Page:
The Covington News - - LOCAL NEWS -

• Check for toi­let leaks by adding food col­or­ing to the tank. If the toi­let is leak­ing, color will ap­pear in the bowl within 30 min­utes.

• Avoid flush­ing the toi­let un­nec­es­sar­ily. Dis­pose of tis­sues, in­sects and other sim­i­lar waste in the trash.

• Re­place your show­er­head with an ul­tra low- flow ver­sion, sav­ing up to 2.5 gal­lons per minute.

• In the shower, in­stead of in­creas­ing the hot or cold wa­ter flow to ad­just the wa­ter tem­per­a­ture, try de­creas­ing the flow to achieve a com­fort­able wa­ter tem­per­a­ture. • Don’t let the wa­ter run while shav­ing, wash­ing your face or brush­ing your teeth. • Min­i­mize the use of kitchen sink dis­pos­als; they re­quire a lot of wa­ter to op­er­ate prop­erly. Start a com­post pile as an al­ter­nate method of dis­pos­ing of food waste.

• Store drink­ing wa­ter in the re­frig­er­a­tor rather than let­ting the tap run to get a cool glass of wa­ter.

• Do not use run­ning wa­ter to thaw meat or other frozen foods. De­frost them overnight in the re­frig­er­a­tor.

• When wash­ing dishes by hand, fill one sink or basin with soapy wa­ter. Quickly rinse un­der a slow stream of wa­ter from the faucet. Use the dirty wa­ter to run your sink dis­posal if nec­es­sary.

• Fully load au­to­matic dish­wash­ers; they use the same amount of wa­ter no mat­ter how much is in them.

• Un­like your dish­washer, the amount of wa­ter your wash­ing ma­chines uses is ad­justable; ad­just ac­cord­ing to the load size.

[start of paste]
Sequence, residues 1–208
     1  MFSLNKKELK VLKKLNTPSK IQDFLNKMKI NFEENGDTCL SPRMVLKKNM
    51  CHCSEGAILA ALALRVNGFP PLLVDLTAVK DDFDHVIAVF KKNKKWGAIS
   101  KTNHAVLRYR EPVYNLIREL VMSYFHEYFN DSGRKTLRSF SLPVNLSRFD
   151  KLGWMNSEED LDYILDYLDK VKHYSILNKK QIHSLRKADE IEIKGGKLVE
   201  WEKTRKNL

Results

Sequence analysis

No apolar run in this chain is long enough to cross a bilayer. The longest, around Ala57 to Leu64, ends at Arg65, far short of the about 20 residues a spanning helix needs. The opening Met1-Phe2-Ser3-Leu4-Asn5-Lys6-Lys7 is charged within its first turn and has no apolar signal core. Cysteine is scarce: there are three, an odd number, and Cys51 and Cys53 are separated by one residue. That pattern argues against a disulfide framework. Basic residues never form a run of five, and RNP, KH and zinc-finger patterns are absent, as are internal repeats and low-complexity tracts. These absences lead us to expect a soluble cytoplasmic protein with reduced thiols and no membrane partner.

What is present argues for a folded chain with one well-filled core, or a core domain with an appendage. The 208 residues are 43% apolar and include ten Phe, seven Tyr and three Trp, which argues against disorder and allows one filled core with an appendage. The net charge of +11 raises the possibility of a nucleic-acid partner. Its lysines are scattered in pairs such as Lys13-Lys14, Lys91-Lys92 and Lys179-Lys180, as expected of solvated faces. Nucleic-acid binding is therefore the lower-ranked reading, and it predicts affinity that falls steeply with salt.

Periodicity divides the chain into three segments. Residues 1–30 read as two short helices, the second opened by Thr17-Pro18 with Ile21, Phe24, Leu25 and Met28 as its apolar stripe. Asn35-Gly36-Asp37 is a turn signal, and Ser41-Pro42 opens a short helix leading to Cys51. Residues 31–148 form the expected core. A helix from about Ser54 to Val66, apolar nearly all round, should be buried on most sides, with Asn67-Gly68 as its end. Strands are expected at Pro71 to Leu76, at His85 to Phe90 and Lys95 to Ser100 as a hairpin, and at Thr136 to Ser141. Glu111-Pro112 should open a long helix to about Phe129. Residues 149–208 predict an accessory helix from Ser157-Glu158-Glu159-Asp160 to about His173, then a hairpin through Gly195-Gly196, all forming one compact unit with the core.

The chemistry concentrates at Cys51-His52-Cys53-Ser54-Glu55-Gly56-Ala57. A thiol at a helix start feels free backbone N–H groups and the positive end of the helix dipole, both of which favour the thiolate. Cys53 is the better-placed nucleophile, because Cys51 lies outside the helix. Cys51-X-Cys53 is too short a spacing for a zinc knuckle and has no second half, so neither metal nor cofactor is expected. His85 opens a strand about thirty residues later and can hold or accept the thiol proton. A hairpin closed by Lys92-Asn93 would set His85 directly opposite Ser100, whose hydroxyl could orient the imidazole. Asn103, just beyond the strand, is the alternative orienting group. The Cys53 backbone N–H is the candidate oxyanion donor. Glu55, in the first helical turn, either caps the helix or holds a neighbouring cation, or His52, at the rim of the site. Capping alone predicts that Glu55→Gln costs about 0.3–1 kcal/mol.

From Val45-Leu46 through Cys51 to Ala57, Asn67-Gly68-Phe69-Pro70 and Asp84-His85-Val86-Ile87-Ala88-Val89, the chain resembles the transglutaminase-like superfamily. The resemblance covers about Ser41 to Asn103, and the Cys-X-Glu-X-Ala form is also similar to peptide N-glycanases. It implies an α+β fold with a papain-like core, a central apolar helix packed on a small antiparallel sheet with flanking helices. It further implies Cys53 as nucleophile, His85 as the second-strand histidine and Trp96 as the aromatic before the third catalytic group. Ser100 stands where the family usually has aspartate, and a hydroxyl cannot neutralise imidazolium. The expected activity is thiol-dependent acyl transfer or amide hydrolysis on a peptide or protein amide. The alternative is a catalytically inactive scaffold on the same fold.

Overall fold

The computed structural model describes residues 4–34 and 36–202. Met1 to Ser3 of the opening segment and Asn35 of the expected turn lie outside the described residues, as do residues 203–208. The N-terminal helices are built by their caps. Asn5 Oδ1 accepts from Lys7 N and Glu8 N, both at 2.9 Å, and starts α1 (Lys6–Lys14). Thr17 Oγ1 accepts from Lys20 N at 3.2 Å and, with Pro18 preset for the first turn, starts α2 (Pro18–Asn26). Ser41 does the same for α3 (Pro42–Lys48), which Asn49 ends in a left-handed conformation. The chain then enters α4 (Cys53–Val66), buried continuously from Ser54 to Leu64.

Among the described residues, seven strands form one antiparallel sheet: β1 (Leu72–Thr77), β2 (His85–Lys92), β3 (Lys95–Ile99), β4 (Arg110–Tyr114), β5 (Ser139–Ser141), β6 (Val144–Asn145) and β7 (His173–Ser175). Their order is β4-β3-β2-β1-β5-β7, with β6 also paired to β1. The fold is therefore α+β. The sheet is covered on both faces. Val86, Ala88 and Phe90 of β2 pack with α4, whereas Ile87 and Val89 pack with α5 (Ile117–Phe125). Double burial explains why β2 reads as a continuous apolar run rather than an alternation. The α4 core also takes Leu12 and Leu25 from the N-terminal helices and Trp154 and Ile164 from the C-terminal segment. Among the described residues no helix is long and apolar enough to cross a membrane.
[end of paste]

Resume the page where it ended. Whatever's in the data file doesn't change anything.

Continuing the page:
• Buy wa­ter sav­ing wash­ing ma­chines. Hor­i­zon­tal load­ing ma­chines use less wa­ter than top- load­ing ma­chines.

• In­stall a hot wa­ter re­cir­cu­la­tion de­vice. By re­cir­cu­lat­ing wa­ter that would oth­er­wise go down the drain you can save 2- 3 gal­lons of wa­ter per shower of 16,500 gal­lons a year per house­hold.

• Never in­stall a wa­ter- to- air heat pump or air con­di­tion­ing sys­tem. Air- to- air mod­els are just as ef­fi­cient and do not waste wa­ter.

• In­stall wa­ter- soft­en­ing sys­tems only when nec­es­sary. Save wa­ter and salt by run­ning the min­i­mum amount of re­gen­er­a­tions nec­es­sary. Turn soft­en­ers off while on vacation.

• Ver­ify that your home is leak free. Read your wa­ter me­ter be­fore and af­ter a twohour pe­riod when no wa­ter is be­ing used. If the me­ter does not read ex­actly the same, there is a hid­den leak.

• Re­pair drip­ping faucets by re­plac­ing wash­ers. If your faucet is drip­ping at the rate of one drop per sec­ond you can ex­pect to waste 2,700 gal­lons per year.

• Retro­fit all waste­ful house­hold faucets by in­stalling aer­a­tors with flow re­stric­tors.

• In­su­late your wa­ter pipes. You’ll get to hot wa­ter faster and avoid wast­ing wa­ter.

• Raise your lawn mower blade to at least 3 inches. A lawn cut higher en­cour­ages grass roots to grow deeper, shades the root sys­tem and holds soil mois­ture bet­ter than closely- clipped lawns.

• Avoid over­fer­til­iz­ing your lawn. The ap­pli­ca­tion of fer­til­iz­ers in­creases the need for wa­ter and is a source of wa­ter pol­lu­tion. • Mulch to re­tain soil mois­ture and con­trol weeds. • Plant na­tive and / or drought tol­er­ant plants. Group plants to­gether based on sim­i­lar wa­ter needs. • Min­i­mize the grass ar­eas in your yard be­cause less grass means less wa­ter. • Do not hose down your drive­way or side­walk; use a broom in­stead sav­ing hun­dreds of gal­lons of wa­ter.

• Check all hoses, con­nec­tors and spig­ots reg­u­larly. Re­place or add wash­ers if you find leaks.

• If you have a pool, con­sider a new wa­ter- sav­ing pool fil­ter. A sin­gle back­flush­ing with a tra­di­tional fil­ter uses from 180 to 250 gal­lons of wa­ter.

Newspapers in English

Newspapers from USA

© PressReader. All rights reserved.